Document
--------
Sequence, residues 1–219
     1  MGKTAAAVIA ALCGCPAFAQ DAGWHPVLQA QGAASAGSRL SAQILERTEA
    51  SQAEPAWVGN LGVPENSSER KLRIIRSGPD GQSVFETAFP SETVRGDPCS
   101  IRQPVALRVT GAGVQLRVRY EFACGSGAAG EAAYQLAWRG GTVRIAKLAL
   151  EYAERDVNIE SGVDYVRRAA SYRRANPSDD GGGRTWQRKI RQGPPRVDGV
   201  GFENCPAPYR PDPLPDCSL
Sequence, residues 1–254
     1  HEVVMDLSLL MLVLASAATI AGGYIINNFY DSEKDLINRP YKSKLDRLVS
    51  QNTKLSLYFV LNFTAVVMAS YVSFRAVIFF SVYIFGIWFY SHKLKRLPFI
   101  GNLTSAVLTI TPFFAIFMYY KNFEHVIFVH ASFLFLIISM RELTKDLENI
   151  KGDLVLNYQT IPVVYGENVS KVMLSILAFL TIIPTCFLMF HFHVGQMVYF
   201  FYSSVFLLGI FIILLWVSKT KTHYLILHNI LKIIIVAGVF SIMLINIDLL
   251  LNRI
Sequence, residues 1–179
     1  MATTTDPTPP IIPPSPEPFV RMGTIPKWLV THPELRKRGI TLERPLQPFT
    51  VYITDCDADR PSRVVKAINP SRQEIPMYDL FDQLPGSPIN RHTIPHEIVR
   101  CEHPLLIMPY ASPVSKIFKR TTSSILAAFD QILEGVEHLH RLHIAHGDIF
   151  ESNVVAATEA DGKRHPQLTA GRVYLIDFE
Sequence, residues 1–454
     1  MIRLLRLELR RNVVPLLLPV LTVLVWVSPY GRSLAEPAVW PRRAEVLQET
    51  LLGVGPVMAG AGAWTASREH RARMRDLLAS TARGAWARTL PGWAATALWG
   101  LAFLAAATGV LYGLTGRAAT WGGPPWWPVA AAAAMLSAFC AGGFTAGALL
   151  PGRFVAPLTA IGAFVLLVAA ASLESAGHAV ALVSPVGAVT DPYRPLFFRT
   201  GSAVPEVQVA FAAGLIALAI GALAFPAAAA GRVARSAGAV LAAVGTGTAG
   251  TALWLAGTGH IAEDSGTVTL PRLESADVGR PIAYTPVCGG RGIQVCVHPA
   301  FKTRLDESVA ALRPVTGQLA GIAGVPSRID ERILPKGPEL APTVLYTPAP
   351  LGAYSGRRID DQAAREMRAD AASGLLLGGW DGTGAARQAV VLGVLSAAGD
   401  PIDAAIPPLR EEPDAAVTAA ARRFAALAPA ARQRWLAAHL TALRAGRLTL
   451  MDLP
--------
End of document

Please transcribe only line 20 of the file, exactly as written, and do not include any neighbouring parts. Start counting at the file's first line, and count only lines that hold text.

     1  MIRLLRLELR RNVVPLLLPV LTVLVWVSPY GRSLAEPAVW PRRAEVLQET